For British expats living in Brussels, Guy Fawkes Night on November 5th is a low, low point in the calendar. It’s not that we don’t see fireworks all year round here – of course we do. The Brussels authorities make fine use of our over-generous tax contributions to put on a whole range of displays throughout the summer months to mark various, indecipherable occasions. I’m told the same thing happens over Christmas and New Year but, being an expat, that is something I can’t confirm.
No, I’m not going so far as to say that there are no fireworks in this country AT ALL. My point is that come this Saturday, the British expat community will be overcome with a sense of overwhelming ennui. Sure, they’ll be a few scouts putting on a show at the local British School of Brussels, and good on them, but for most of us, November 5th will be just another day sans fireworks. A quick glance at Angloinfo – an online forum for English speakers − shows I’m not the only one to feel disappointed at the prospect of this.
I’m fairly convinced that most people don’t even celebrate Guy Fawkes Night in the comfort of their own homes here. Natural instincts will be telling all right-thinking Brits to take an old shirt and pair of trousers from the cupboard, stuff ‘em full of dead leaves in the garden and burn them on a clumsily constructed bonfire. But we won’t do it. Why? Well, I suppose it’s a bit to do with the origins of the celebration itself. Although few people bat an eyelid at the idea of burning a (symbolic, happily) effigy back home, it’s not really the done thing here – and can lead to all sorts of awkward conversations with indigenous friends and neighbours. It’s hard to explain that although the celebration has lost all sense of historic and religious significance, it remains a central tenet to British culture. Basically, it’s just a bit of a laugh.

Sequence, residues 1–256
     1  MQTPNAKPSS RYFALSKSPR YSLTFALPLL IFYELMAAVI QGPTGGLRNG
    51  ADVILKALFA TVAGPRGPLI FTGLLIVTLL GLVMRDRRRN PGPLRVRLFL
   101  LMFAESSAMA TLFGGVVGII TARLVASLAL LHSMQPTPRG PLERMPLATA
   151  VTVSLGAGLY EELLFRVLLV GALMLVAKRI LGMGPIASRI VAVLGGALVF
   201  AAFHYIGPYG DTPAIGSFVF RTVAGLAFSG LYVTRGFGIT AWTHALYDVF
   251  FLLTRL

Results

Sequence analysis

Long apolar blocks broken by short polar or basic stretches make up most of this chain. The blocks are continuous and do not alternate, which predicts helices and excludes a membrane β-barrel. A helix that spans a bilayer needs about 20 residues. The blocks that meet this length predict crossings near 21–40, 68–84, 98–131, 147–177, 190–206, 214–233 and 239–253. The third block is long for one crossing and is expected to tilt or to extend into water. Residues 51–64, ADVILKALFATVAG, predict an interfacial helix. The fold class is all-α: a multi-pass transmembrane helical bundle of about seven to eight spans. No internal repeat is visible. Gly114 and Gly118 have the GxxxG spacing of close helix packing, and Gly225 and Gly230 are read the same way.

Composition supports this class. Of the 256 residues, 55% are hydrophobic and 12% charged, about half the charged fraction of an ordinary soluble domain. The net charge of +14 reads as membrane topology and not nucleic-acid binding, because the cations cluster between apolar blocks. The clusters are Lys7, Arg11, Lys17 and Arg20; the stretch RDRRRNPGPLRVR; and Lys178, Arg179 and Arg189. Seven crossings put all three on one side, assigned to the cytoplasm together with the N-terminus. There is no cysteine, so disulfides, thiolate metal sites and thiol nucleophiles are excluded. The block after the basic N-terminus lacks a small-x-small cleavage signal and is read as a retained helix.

So November 5th is a right-off. And it’s a shame really, because for 364 days of the year, Brussels is a fairly natural destination for Brits abroad. Unlike expats of other nationalities, the weather is far from a shock for us (read what Lindsay has to say about how American expats respond to Belgium, for example) – in fact it’s fairly similar to our own weather (invariably awful). Also, we’re a paltry two-hour train ride from home (well, to London at least), the beer and food are heaps better, there’s a trendy international, multi-lingual vibe, loads of cultural stuff to enjoy, clubs to join – the works. Sure, the bureaucracy is time-consuming and shops are shut on Sundays (inconvenient, yet economical) but overall we know we’re onto a good thing.
In spite of my love for Guy Fawkes celebrations – and deep-seated belief that fireworks can only be enjoyed on freezing cold, autumnal evenings – I have to admit that this country’s refusal to mark the occasion doesn’t distress me for longer than a few days each year. If it’s the only time I genuinely feel foreign in Belgium, I suppose I should count my blessings.
Perhaps next year I’ll take a trip home for November 5th, and get all this Bonfire-Night angst out of my system.